by Rohit Goel
On 22 May 2021

Apache Kafka: A Lab49 deep dive

Apache Kafka, the open-source community distributed event-streaming platform capable of handling trillions of events daily, is becoming increasingly popular – but organizations require an improved understanding of Kafka’s individual components and its different configurations to optimize its performance, as outlined below.

The popularity of Apache Kafka has never been greater. Originally created by LinkedIn, and now an open-source project maintained by Confluent, Kafka is a community distributed event-streaming platform capable of handling trillions of events daily. Its appeal stems from how it allows users to decouple data streams and their systems.

Source systems, including transaction systems and event producers, supply their data to Kafka; target systems, such as databases and analytical systems, source their data directly from it. It therefore enables communication between producers and consumers via message-based topics.

In this article we seek to outline what Kafka is and how it is comprised. By understanding how each component within Kafka works, we can learn about the different configurations that can be applied to Producers and Consumers, as well as how this can be tweaked to get the best out of Kafka. We also share information on optimizing throughput and latency through configurations such as Idempotent Producers and Message Compressions. Finally, we provide an overview of how to set up Kafka, create Topics, and produce and consume messages from them.


Kafka’s characteristics and use cases

Kafka is used by thousands of firms worldwide, including more than 30% of Fortune 500 companies.

Its key characteristics include being distributed and fault-tolerant; its resilient architecture, meaning it can recover from node failures automatically; its horizontal scalability, up to hundreds of brokers and millions of messages per second; and its high performance, with latency of less than 10ms, meaning that Kafka operates in real time.

Adoption of Kafka has also been driven by its adaptability both to modern-day, distributed or complex systems as well as to legacy systems. Four key use cases within these systems include Messaging, Metrics, Big Data Ingestion, and Log Aggregation:

Kafka can replace a more traditional message broker, particularly within large-scale message processing systems, offering better throughput, built-in partitioning, replication, and fault-tolerance. It can also be used to monitor data, aggregating statistics from distributed applications to produce centralized feeds of operational data.

In the world of Big Data, it is common to use Kafka as an ‘Ingestion Buffer’, making use of the various connectors available that sink data from Kafka to HDFS, S3, or Elastic Search. Finally, one of the most common use cases of Kafka is as a log aggregation solution, receiving log files from servers and organizing them in a central location (such as a file server or HDFS) for processing.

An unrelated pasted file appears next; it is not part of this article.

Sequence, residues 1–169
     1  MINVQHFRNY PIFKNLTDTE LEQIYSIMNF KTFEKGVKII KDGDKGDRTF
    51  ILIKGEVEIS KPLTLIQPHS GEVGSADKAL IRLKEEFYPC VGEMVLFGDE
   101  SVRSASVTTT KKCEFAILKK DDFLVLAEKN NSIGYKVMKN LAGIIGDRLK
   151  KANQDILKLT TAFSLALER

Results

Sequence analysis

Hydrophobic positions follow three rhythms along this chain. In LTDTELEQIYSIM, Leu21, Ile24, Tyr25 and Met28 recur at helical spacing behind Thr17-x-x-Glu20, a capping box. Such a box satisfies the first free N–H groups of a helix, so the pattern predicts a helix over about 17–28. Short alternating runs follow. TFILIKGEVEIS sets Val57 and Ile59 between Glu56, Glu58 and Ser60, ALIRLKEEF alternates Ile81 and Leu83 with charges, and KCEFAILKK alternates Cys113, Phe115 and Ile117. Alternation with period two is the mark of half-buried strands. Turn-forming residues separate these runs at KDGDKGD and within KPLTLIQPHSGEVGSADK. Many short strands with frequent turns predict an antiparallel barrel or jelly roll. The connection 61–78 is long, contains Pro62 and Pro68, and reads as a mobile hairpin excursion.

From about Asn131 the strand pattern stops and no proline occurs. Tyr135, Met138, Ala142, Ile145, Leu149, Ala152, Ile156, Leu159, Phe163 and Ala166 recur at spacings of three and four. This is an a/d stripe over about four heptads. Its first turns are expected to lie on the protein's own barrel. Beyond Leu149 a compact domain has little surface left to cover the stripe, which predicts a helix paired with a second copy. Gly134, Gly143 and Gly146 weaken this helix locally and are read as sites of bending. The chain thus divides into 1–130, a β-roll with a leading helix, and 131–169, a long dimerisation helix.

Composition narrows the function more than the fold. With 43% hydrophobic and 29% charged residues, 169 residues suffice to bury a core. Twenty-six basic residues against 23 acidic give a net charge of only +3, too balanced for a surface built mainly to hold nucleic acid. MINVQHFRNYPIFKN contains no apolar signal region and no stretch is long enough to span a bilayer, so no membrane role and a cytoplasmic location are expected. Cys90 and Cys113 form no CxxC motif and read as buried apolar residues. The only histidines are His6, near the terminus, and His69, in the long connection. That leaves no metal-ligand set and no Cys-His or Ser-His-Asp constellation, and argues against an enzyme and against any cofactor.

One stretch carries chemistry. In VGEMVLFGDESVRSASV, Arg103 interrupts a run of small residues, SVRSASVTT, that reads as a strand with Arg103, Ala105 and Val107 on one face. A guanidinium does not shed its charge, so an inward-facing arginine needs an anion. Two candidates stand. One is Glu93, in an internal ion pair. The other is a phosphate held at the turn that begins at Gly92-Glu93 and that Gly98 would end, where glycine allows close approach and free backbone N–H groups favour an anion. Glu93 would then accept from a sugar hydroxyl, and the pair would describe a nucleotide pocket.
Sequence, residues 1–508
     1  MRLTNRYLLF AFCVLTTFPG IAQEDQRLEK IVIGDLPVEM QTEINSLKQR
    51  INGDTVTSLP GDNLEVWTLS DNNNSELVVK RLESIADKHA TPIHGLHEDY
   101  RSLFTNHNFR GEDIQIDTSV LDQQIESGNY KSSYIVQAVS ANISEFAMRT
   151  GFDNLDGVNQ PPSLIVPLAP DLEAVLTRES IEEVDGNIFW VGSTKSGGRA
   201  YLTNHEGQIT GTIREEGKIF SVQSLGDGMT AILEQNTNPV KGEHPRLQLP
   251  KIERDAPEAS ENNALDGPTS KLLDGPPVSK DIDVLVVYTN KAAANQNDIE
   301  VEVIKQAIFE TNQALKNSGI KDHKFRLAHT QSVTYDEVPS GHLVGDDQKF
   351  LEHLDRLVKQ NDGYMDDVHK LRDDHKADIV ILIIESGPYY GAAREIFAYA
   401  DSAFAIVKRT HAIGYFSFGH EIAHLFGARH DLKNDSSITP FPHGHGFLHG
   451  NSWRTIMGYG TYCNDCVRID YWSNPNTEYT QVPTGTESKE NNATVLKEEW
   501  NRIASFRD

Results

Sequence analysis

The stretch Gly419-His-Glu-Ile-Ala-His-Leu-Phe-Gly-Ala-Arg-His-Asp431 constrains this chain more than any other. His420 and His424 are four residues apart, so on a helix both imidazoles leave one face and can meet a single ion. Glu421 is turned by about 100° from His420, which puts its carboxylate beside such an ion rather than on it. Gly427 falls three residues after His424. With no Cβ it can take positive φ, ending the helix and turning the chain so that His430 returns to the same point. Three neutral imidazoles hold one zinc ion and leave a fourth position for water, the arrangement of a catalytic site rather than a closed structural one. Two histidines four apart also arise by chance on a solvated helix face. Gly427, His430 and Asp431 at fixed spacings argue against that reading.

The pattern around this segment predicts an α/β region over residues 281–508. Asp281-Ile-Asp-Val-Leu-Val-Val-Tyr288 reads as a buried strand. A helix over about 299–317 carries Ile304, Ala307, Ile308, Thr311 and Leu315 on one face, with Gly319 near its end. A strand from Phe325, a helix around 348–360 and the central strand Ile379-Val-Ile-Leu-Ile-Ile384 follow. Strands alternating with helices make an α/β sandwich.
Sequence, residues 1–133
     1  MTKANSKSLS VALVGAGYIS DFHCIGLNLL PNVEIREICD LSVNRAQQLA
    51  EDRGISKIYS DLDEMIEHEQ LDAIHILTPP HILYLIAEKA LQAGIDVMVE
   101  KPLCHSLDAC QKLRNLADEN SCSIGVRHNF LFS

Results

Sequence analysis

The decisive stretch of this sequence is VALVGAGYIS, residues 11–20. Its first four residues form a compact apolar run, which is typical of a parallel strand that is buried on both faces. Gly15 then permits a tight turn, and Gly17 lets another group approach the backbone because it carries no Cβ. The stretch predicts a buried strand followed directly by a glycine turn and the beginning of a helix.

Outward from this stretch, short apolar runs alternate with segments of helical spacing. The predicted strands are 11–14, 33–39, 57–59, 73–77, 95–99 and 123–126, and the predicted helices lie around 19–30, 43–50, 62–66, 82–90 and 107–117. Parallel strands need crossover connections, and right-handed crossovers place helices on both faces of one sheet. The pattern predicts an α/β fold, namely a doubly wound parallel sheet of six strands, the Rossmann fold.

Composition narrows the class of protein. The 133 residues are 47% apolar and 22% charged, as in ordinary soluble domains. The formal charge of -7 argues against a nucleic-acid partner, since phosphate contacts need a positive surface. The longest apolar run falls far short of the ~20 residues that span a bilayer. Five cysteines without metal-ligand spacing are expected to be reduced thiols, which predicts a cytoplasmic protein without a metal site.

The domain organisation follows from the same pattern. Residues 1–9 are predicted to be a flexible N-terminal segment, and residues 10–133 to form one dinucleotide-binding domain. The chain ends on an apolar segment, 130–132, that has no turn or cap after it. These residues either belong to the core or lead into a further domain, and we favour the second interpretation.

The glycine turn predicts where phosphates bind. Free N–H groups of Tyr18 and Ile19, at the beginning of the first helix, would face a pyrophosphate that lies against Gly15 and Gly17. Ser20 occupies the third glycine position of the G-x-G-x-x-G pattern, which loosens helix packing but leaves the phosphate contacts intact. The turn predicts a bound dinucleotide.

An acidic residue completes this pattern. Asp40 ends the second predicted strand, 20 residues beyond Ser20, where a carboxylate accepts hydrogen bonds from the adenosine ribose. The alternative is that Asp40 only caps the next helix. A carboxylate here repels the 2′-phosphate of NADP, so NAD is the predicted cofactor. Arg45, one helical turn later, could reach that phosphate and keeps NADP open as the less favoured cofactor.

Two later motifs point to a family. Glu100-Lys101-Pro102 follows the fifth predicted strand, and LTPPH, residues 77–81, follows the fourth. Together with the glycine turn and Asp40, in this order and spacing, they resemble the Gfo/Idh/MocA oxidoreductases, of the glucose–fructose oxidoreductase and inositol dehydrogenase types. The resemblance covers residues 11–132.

The core componentry and workings of Kafka

In Kafka, messages are organized and durably stored in Topics. Topics can be visualized as folders in the filesystem; messages are files in that folder. Messages can be read from Topics as often as required and do not get deleted upon consumption. There is no limit to the number of Topics in Kafka, and each one is identified by a name typically based on the nature of the stream of data it is carrying.

Topics are then split into Partitions. The constituent Partitions of each Topic are spread over the buckets located on different Brokers (see below). Once data is written to the Partition, it cannot be altered. Messages stored in Partitions appear in a fixed order.

Each message within a Partition gets an incremental ID called an Offset. A message within a Partition is located as Offset 3 in Partition 0 of Topic X, for example. New messages written to a Partition are located at the end, with the Offset increasing by an increment of 1.

Kafka Topics, Partitions, and Offsets

A Kafka cluster is composed of multiple Brokers, or servers. Each Broker is identified with its own individual ID, which is always integer (rather than string). Each Broker contains certain Topic Partitions. Once connected to one of the Brokers, you can connect to any other Broker within the entire cluster via this initial starting point, known as a Bootstrap Broker.

A replication factor is the number of copies of data held over multiple Brokers. Its value should always be greater than 1 – typically 2 to 3, to ensure the availability of data in the event of Broker node failure.

Setup of Brokers when replication factor is configured for Topics

In the diagram above, Topic A has a replication factor of 2, which means that each Partition within the Topic will be replicated to two Broker nodes. Topic B has a replication factor of 1, meaning that each of its Partitions will be available to only one Broker node and data loss can happen in the event of node failure.

Only one Broker can be a leader for a Partition at any given time. This means only that leader Broker can receive or serve data for that Partition. The additional Brokers will synchronize the data with the leader. Each Partition will have one leader and multiple in-sync replicas (ISRs).

ZooKeeper manages Brokers, including by maintaining the list of Brokers within a cluster, performing leader elections for Partitions, and notifying Kafka of any changes – for example, if a Broker is down or up or a new Topic has been created or deleted. Currently, Kafka cannot work without ZooKeeper, but Confluent is working on replacing it with Self-Managed Metadata Quorum.

Producers are the client applications that publish messages to Topics. There can be multiple Producers sending Messages to the same Topic. Producers know to which Topic and to which Partition data needs to be sent. The I/O is performed for the Producer by the relevant Broker node.

Producers can choose to receive acknowledgment of the data written to Brokers. There are 3 possible acks values that can be set:

  • acks=0: Producer will not wait for acknowledgement. (Data may be lost.)
  • acks=1: Producer will wait for Leader’s acknowledgment. (Limited data loss.)
  • acks=2: Producer will wait for Leader + Replicas’ acknowledgment. (No data loss.)

Producers can also choose to send keys with the messages, in either string or integer. If the key is NULL, the data will be sent in round-robin fashion to each Partition. If a key is sent, messages with the same key will always go to the same Partition.